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An interview with Derek Bottles on efforts to green-up the Tasar Worlds 2022

by David Schmidt 14 Sep 2022 16:00 BST September 17-25, 2022
Jonathan McKee & Libby Johnson McKee (USA) leading the fleet during the 2017 Tasar Worlds in Gamagori, Japan © Junichi Hirai / Bulkhead Magazine Japan

One of the best things that I've seen in my decade-plus tenure as Sail-World's North America Editor has been the growing conscious that regattas can—and should—leave the lowest possible environmental wake. For many regattas this means teaming up with an organization such as Sailors for the Sea (www.sailorsforthesea.org), whose Clean Regattas program helps yacht clubs and regattas to tidy up and earn different levels of certification, with Platinum Level Certification being the highest mark that an regatta can attain.

A great example of a world-championship event that has worked hard to be as green as possible is the Tasar Worlds 2022, which is taking place on the waters of Shilshole Bay, off of Seattle, Washington, and which is being hosted by the Seattle Yacht Club, with the Corinthian Yacht Club serving as venue host, from September 17-25.

This will be the first world championship title to be contested in Seattle in 40-plus years, and it will also be the city's first Sailors for the Sea-certified Clean Regatta.

I checked in with Derek Bottles, who is heading up the Tasar Worlds 2022's Clean Regatta Initiative, via email, to learn more about this world-championship level regatta's efforts run the cleanest possible event.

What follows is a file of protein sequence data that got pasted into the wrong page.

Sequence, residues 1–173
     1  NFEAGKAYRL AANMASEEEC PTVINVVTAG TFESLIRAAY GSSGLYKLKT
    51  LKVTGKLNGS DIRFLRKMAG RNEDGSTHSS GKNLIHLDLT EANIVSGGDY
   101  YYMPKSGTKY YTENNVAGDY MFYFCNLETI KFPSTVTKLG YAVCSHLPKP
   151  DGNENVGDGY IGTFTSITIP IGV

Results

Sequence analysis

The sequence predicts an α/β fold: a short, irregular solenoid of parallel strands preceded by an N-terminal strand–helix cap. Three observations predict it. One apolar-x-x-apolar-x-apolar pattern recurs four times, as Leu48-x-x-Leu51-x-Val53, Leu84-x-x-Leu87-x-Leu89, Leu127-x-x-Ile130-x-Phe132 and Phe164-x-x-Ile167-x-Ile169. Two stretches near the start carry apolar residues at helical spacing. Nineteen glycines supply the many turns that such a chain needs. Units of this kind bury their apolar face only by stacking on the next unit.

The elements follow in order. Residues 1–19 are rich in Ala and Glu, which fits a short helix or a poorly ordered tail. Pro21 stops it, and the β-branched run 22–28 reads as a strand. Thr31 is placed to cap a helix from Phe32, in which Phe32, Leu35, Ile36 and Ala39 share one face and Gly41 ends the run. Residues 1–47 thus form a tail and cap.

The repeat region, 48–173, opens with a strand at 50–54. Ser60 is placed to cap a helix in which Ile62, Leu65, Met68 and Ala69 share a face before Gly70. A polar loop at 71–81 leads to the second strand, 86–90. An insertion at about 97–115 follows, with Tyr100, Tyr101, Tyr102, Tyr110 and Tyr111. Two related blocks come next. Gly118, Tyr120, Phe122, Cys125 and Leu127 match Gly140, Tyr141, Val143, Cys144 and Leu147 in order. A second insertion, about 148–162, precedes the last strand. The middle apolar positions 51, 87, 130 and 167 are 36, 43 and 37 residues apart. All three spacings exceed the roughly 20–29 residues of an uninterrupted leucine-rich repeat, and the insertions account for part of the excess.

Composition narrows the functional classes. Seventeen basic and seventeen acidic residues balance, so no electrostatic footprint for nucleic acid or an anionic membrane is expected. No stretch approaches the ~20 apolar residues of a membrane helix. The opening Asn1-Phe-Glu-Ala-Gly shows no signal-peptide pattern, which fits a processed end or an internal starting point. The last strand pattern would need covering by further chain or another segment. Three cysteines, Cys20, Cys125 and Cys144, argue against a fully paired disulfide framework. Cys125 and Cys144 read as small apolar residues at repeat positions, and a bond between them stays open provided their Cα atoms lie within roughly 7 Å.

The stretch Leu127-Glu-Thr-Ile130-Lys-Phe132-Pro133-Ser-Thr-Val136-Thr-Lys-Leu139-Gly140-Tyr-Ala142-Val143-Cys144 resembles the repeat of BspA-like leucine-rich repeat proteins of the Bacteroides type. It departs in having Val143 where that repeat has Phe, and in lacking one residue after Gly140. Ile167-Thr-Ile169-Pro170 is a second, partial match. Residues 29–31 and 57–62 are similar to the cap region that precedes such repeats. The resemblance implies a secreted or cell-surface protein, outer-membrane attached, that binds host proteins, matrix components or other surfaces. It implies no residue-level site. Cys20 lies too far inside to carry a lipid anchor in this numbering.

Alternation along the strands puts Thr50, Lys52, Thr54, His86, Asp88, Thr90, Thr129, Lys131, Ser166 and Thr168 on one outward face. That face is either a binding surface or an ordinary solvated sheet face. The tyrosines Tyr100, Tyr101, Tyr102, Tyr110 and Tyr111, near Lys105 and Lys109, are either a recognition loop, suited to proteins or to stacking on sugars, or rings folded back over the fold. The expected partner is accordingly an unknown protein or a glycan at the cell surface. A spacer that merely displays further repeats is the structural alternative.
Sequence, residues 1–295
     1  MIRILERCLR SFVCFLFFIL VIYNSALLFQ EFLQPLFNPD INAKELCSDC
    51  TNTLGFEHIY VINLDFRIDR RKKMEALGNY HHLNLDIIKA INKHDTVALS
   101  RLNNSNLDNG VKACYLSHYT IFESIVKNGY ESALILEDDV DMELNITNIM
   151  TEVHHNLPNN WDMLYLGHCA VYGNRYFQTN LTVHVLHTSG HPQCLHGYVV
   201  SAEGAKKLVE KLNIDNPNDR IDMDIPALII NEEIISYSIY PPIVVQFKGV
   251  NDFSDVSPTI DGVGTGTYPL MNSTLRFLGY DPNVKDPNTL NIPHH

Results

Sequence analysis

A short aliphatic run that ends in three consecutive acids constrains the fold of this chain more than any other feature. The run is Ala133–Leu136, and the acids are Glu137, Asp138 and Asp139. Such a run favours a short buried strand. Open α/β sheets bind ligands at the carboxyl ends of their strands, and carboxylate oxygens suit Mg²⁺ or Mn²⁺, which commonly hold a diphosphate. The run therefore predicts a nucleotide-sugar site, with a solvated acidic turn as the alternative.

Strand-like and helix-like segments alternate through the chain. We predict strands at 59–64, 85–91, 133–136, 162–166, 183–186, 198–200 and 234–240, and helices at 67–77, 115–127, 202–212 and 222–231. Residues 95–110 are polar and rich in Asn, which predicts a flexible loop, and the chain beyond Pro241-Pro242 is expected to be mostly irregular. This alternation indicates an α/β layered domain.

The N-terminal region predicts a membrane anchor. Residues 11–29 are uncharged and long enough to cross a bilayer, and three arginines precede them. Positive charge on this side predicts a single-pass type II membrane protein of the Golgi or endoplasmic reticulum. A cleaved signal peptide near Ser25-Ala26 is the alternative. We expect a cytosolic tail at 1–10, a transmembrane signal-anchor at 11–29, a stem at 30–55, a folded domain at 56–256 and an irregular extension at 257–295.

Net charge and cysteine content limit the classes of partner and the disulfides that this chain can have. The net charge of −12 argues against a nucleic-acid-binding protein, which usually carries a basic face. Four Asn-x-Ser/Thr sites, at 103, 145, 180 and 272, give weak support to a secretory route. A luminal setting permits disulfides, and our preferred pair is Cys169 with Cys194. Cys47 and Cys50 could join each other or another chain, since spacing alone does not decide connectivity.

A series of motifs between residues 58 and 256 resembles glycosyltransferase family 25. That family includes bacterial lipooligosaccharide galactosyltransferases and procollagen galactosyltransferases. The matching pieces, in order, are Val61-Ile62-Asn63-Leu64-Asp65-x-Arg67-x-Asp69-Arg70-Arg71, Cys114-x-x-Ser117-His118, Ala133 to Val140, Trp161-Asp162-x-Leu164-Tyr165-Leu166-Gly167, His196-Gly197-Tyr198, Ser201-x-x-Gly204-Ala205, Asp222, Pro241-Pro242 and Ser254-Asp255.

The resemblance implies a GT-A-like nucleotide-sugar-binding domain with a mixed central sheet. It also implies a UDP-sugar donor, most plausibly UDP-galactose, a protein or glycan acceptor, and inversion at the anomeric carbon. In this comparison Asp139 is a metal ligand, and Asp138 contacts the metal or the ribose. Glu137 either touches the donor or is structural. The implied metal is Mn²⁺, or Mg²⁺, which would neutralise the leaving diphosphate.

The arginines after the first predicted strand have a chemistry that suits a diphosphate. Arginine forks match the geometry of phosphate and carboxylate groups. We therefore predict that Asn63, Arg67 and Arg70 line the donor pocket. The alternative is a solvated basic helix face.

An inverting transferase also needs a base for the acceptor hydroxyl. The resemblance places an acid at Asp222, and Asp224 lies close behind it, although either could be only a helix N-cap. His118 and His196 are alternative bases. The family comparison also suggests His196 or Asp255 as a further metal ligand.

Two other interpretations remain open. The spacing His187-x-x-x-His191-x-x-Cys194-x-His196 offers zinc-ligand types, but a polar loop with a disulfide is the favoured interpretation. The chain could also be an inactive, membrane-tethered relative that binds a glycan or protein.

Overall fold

I understand that this is the first World Championship title to be contested in Seattle in 40-some years. Can you tell us about how this year's worlds came to the Emerald City?

The Tasar fleet has been part of the Seattle sailing scene for over 30 years. The boat is light, high-performance and perfect for two average-sized people to race competitively. The Seattle Fleet is strong and full of both people new to the class, and those that helped start the fleet here many years ago.

The Tasar World championship rotates between geographic locations where the fleet is dynamic and able to host an event of this caliber. The Pacific Northwest has hosted the event before in Vancouver, Victoria, and Cascade Locks. This year, with the support of Seattle Yacht Club, Corinthian Yacht Club of Seattle, the local fleet put out in a bid and was accepted to host the event in Puget Sound.

We are thrilled to have teams from other countries come to Seattle to experience the beautiful setting and unique racing challenges we have on the Salish Sea, as well as provide an opportunity for local sailors to compete in a world championships in their own backyard.

I understand that the event organizers stepped up their efforts to lower the event's environmental wake and have worked with Sailors for the Sea to attain a high level clean regatta status. Can you please tell us about this process?